Keeping Children from the Presence of a Third Party During Custody Arrangements

Leila and Liam are divorced and share custody of their two children. Liam has a new girlfriend who has moved in with him. Leila disapproves of their living arrangements, which she claims are against her moral beliefs. She wants to know whether she can prevent Liam from having his girlfriend around her children. What will the judge do when encountering this and other third party custody issues?

When determining whether a party may prevent the other party from keeping the children in the presence of a third person, the Courts will weigh whether any adverse impact has been made on the children.

In a key Massachusetts case, the Court granted custody to the father; the mother appealed, asking the Court to prohibit the husband from allowing their youngest child to be in the presence of the husband’s new girlfriend, with whom he was cohabiting. [1] The mother argued that her children were being exposed to immoral behavior by seeing their father cohabit with another woman to whom he was not married. She cited to a number of older laws, such as those which once prohibited cohabitation.

The Appeals Court held that the child needn’t be prohibited from being in the presence of the father’s new partner, because there was no evidence that any of the three children were adversely impacted. The Court noted: “in the usual case, judges should avoid making moral judgments on the lifestyles of proposed custodial parents, recognizing that such judgments are appropriate only when it can be shown that a parent’s lifestyle has a direct and articulable adverse impact on the child, or where there can be no real dispute in the circumstances of the particular case that the behavior of the custodial parent is related to his or her parenting ability.”[2]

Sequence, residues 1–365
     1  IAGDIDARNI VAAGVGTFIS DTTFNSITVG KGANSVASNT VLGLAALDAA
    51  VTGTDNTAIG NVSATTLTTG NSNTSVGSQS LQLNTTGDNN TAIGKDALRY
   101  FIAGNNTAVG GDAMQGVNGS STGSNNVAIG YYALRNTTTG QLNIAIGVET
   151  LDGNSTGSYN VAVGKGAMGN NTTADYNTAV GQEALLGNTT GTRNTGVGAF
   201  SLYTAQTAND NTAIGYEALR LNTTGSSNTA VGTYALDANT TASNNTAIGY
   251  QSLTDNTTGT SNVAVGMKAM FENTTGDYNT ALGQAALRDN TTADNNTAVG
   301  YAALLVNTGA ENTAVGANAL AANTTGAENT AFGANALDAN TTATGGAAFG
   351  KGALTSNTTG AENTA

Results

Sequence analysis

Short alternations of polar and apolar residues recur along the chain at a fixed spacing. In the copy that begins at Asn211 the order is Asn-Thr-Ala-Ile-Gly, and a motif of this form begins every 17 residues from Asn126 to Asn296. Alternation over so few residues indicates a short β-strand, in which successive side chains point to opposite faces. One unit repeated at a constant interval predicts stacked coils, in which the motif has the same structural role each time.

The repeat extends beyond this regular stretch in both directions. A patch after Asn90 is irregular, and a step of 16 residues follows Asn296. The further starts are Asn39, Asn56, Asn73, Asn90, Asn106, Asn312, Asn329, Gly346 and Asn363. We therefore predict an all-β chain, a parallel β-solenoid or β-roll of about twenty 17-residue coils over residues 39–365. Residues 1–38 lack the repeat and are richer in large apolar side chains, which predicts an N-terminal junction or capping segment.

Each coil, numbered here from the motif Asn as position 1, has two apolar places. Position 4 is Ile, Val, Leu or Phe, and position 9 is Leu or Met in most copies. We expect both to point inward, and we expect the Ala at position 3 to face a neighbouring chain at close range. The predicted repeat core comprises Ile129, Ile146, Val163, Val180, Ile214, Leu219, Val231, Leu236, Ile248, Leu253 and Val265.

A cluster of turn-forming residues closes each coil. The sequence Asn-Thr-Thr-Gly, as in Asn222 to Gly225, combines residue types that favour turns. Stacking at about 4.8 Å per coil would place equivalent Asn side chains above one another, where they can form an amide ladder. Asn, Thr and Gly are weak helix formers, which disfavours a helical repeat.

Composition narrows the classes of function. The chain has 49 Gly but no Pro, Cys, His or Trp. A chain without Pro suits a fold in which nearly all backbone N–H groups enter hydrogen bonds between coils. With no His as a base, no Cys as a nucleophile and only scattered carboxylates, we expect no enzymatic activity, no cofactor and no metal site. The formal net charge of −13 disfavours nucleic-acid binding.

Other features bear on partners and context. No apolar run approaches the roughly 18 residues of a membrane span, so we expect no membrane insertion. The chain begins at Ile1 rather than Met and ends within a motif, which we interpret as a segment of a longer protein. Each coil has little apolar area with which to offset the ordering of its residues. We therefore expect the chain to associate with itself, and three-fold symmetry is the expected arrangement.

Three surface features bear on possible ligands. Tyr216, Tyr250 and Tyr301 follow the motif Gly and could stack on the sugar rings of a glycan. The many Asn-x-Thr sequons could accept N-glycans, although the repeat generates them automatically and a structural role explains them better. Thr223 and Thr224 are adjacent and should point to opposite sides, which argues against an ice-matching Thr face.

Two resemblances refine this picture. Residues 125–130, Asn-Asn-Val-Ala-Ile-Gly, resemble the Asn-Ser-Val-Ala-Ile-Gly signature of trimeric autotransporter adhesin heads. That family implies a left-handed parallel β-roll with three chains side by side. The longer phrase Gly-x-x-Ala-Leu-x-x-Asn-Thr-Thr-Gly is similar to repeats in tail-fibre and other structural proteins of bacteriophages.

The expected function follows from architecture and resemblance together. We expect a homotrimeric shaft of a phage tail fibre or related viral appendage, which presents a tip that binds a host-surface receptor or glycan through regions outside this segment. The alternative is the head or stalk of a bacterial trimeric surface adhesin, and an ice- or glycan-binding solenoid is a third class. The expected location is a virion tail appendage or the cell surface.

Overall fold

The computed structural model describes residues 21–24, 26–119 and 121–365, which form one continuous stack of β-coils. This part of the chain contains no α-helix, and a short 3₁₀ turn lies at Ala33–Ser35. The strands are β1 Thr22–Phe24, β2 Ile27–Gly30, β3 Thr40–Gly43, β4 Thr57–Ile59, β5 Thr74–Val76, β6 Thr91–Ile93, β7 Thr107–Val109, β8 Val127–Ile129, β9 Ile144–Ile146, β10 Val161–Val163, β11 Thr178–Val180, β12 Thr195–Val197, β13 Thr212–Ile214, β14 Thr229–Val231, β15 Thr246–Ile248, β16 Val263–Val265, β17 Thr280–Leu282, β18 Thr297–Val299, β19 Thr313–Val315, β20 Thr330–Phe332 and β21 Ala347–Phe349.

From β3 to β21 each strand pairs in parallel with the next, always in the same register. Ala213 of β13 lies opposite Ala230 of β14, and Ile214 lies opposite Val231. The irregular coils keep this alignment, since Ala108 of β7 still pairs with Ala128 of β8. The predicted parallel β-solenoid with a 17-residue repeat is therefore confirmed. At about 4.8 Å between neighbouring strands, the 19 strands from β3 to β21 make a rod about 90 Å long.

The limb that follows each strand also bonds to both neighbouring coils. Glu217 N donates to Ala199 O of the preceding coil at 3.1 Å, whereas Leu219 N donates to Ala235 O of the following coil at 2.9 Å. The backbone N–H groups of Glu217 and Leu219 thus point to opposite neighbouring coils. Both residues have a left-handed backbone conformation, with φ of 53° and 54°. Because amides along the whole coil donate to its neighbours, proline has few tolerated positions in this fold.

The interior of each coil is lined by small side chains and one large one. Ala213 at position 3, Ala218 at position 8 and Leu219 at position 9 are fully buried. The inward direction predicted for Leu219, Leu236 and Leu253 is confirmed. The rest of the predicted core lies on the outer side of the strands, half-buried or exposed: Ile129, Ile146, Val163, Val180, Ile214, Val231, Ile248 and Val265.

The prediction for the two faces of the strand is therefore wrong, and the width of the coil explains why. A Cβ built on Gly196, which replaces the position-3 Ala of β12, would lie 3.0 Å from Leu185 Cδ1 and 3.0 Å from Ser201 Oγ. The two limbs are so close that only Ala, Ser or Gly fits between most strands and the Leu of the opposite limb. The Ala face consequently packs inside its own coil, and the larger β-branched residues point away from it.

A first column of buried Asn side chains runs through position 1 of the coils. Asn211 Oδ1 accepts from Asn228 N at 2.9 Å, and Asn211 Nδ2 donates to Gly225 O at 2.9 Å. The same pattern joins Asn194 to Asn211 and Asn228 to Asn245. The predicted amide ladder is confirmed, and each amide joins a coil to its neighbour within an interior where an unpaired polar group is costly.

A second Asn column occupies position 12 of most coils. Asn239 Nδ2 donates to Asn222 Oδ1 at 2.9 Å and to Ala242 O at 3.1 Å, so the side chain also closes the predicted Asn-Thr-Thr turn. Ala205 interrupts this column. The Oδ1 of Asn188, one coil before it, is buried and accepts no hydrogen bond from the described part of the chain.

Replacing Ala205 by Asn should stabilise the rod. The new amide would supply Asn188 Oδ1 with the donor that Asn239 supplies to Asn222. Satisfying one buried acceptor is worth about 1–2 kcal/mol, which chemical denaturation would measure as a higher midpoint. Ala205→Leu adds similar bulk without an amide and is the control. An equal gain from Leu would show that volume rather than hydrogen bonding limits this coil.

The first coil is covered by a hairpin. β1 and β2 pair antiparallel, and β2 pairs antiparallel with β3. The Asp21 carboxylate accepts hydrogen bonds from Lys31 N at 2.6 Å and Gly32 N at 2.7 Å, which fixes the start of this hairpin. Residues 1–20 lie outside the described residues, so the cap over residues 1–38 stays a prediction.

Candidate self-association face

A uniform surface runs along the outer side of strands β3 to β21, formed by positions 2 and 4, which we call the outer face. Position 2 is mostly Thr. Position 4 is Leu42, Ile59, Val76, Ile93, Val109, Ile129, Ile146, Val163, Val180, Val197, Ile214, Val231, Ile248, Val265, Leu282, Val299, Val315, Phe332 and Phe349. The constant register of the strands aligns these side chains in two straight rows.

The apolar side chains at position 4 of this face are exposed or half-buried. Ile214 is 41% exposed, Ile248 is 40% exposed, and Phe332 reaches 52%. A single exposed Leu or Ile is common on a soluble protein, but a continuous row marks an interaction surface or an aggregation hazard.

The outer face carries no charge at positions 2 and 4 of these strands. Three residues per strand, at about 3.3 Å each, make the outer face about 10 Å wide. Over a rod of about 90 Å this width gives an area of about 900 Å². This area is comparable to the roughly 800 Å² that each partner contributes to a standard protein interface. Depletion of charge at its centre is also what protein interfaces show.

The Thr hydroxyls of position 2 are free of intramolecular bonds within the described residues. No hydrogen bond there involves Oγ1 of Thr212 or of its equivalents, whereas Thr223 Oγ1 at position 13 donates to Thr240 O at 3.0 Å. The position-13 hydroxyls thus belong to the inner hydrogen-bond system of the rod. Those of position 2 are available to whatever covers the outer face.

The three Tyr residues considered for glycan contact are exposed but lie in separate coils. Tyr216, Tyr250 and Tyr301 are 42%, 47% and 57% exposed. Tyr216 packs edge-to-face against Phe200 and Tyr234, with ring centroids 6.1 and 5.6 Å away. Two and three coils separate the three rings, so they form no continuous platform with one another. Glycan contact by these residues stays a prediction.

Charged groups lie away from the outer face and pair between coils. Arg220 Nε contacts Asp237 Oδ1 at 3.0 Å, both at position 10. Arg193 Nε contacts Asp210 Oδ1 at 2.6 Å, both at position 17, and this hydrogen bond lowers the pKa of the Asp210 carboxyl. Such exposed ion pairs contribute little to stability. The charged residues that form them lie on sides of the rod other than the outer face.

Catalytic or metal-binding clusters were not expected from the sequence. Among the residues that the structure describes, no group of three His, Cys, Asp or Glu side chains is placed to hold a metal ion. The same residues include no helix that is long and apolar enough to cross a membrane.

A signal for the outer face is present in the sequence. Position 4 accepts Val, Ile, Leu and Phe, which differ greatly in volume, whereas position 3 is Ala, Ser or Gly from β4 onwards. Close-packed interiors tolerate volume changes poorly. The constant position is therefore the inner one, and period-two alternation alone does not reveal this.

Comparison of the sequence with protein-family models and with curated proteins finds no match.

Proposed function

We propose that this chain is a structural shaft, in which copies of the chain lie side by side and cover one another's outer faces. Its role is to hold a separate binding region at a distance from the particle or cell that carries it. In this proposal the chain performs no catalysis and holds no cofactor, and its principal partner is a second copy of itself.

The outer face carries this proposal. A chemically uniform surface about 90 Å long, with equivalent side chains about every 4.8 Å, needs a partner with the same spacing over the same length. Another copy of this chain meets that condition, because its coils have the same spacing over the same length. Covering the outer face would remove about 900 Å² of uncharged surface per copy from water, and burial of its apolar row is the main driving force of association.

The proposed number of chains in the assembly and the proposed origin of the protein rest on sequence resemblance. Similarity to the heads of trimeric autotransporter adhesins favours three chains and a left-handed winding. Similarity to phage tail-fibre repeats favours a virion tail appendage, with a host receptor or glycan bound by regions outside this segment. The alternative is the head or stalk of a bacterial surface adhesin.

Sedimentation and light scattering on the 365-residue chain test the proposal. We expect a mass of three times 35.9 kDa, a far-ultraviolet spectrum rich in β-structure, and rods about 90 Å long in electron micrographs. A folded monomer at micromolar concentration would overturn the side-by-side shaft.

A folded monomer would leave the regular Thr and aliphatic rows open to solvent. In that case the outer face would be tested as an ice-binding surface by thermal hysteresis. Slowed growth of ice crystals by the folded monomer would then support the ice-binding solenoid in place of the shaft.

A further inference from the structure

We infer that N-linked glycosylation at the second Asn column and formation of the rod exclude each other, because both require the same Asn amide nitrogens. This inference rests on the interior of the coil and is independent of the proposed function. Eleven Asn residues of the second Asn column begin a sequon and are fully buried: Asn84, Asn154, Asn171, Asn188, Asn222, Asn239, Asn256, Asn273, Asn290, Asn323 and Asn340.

In another case, the Appeals Court decided on custody matters between a husband and wife, where the wife was engaged in an incestuous relationship with her biological father. The Court granted primary custody to the wife, holding that she was the primary caregiver and that the husband exhibited little inclination to take care of the child while they were residing with him. However, the Court also noted the importance of keeping the children’s grandfather away from them. The Court prohibited the mother from allowing the children to have any contact with her father. [3]

“There can be no real dispute that if the wife and [her father] were to engage in an ongoing incestuous relationship to which the minor children were exposed, directly or indirectly, then at some point there would be a direct and articulable adverse impact on the children,” the Court noted. “In these circumstances, it would be error to omit such an essential prophylactic measure to safeguard the well-being of the children, especially one that was already in place and relied on by the judge and other experts at the award of physical custody.” [4]

In a recent decision, the Court, however, declined to apply the decision in B.B.V. to the claims of a mother, whose husband was having an adulterous relationship with the parties’ former au pair, that the children ought to be kept from the presence of the au pair. [5] The Court stated: “we reject the mother’s argument that there are “compelling” parallels between this case and B.B.V. v. B.S.V…where we imposed a limitation on the award of physical custody in favor of the wife by requiring that she not allow or permit the children to be in the presence of her father, with whom she was in an incestuous relationship. In B.B.V ., there was expert witness testimony at trial about the risks the children would face if exposed to the relationship between their mother and grandfather, and we acknowledged that such exposure ‘would be a direct and articulable adverse impact on the children.’… In this case, comparable evidence of a ‘direct and articulable adverse impact on the children’ as a result of the father’s relationship with the former au pair is noticeably lacking.” [6]